Dear Colin, Part I

Dear Colin,

I’ve been meaning to write this letter to you ever since your funeral. I’ve thought about it constantly. I’ve written it in my head dozens of times. Here I sit now, ready to tell you how I feel.

First, I want to tell you the story of your life. Although your life was short–in a week you will have been dead for as long as you were alive. Although I knew this before I wrote this, it amazes, disturbs and hurts me to put it down in black and white.

Here’s your story:

When we found out that I was pregnant with you, we were surprised, because you weren’t planned, but we were happy that our family was going to grow. Everything was going fine until we went to the 20 week ultrasound. We thought it would be like your brothers’–uneventful. I knew you were a boy before the technician even told us that you were. She was checking you out, measuring your arms and your legs and your length–looking to see that all of your parts were where they should be. Everything seemed to be okay, but when she was looking at your heart, showing the blood pumping in and out, she got very quiet and spent a lot of time looking at it. I started to get anxious, and finally asked if something was wrong. She said she thought there was something wrong with the way your heart was working. She brought the doctor in to take a look, and after many minutes she said that she thought that you had Tetralogy of Fallot–a combination of heart defects. We were very upset and very surprised. Neither of your brothers had any problems, and we didn’t know anyone in our family who had a problem like this.

We were sent to a specialist–a pediatric cardiologist–to have another look at your heart and to confirm the diagnosis. Dr. Humes looked at your heart for a long time, because you wouldn’t stay still long enough to let him have a good look. He wasn’t sure that you had Tetralogy, but he wasn’t sure exactly what the problem was, either. We left that appointment having already scheduled a follow-up to get a better look and hopefully cement your diagnosis. That afternoon, the doctor called us because he had all of his colleagues look at the recordings of your echo. He gave us a diagnosis of Transposition of the Great Arteries. Basically, the two big arteries that direct blood to and from the heart were switched, so deoxygenated blood that should go to your lungs to be oxygenated was going to your body and oxygenated blood was going to your lungs. You were okay as long as you were unborn because you weren’t yet breathing air. When you started breathing air, though, that would be a problem. Thankfully, though, you were born with some other defects that allowed the blood to mix enough so that you would have enough oxygen to be okay without any support after you were born. We had the second echo about 6 weeks later, and Dr. Humes was able to confirm that you did indeed have TGA and a Ventricular Septal Defect. So, after that, we just continued to get ready for your arrival.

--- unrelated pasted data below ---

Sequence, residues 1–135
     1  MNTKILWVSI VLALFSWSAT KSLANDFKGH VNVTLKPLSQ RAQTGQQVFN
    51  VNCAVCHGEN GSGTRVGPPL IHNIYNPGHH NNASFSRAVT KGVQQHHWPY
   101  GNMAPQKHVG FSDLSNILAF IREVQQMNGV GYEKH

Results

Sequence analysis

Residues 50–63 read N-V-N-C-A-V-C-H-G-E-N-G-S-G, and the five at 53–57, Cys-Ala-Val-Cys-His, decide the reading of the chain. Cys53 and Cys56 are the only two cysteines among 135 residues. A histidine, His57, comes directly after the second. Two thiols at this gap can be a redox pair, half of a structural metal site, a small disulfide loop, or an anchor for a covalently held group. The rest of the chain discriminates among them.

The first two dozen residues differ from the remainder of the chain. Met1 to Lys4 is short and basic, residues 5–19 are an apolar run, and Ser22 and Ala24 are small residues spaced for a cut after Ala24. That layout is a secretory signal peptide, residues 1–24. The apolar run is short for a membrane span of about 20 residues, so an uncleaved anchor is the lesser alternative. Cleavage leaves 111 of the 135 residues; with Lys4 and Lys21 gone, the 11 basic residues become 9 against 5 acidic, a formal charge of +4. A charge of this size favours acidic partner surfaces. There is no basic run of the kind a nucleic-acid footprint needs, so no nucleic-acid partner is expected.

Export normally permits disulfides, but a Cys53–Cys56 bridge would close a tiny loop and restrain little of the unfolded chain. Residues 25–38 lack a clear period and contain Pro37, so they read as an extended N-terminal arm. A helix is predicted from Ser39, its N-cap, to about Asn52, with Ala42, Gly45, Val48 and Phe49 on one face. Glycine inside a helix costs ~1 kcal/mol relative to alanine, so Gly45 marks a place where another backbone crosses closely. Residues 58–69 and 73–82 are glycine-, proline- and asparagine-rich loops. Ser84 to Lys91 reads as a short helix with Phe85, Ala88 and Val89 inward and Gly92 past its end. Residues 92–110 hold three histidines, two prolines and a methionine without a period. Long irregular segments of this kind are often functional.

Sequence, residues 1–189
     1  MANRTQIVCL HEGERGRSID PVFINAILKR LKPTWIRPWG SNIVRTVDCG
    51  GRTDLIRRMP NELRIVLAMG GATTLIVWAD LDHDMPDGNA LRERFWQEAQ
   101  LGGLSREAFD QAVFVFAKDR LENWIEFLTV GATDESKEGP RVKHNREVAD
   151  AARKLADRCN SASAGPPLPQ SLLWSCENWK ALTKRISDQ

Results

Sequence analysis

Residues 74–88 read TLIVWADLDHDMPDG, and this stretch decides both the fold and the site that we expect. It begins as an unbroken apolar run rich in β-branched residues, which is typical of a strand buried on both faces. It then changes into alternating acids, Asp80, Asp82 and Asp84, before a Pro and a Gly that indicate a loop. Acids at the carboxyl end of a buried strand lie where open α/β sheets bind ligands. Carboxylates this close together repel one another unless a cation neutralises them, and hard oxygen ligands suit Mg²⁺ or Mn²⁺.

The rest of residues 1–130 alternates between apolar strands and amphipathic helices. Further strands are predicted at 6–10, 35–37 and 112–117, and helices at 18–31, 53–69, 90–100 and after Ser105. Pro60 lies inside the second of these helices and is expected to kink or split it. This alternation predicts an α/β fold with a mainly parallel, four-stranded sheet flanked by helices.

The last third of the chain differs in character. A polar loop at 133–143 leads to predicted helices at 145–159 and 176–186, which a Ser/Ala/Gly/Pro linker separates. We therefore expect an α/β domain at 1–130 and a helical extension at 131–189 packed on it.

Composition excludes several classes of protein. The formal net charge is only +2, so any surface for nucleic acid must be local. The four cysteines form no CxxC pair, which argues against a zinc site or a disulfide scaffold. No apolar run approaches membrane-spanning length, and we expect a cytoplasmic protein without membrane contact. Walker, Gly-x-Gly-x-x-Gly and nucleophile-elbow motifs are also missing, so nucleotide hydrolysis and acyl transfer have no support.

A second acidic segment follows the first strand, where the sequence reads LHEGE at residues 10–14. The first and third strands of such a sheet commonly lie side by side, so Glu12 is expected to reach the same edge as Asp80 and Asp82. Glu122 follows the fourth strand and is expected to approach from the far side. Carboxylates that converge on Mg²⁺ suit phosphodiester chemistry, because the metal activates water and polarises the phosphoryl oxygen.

When you came, you might remember this, but Dr. Gordinier said that you were “perfect.” Her exact words were, “He’s perfect, Rachel.” Then you peed on the doctor who was assisting her. That made everyone laugh, which was just what we all needed. I got to see you for a few seconds, then the doctors started to tend to you right away. You were having some troubles breathing, nothing major, but they whisked you away to the special care nursery. I went back to recovery and waited a long time to be able to see you. I cried a lot, and shivered a lot, ’cause the anaesthesia was starting to wear off, and that’s just what happens.

Finally, they took me back to see you. You had a machine called a C-pap on that was helping you breathe, although you didn’t really need it then. You looked perfect. Pink and round, with the longest fingers and toes I have ever seen on a baby. I think you would have been our tallest boy had you been able to grow up.

I only got to see you for a bit. I had to rest and recover from the C-section and they had to get you ready to transport to Children’s Hospital. I had hoped that you could stay with me for a little bit, but they thought it best  to take you to the NICU there that day.

They brought you in so I could see you before they took you down to the hospital. They had sedated you and it was a little scary to see you like that, but they said it was so that you would be comfortable. I hate the fact that the only time you ever went anywhere outside of a hospital was in an ambulance under sedation. Even more, I hate the fact that you never left the hospital, ever.

The first few days that you were at the hospital, I had to be away from you at my own hospital. It was one of the hardest things I ever had to do. I couldn’t nurse you; I had to bring my milk in with a machine. Being on the maternity ward was especially hard. Hearing babies cry and happy families visiting newborns broke my heart. I spent a lot of time alone in my room crying for you.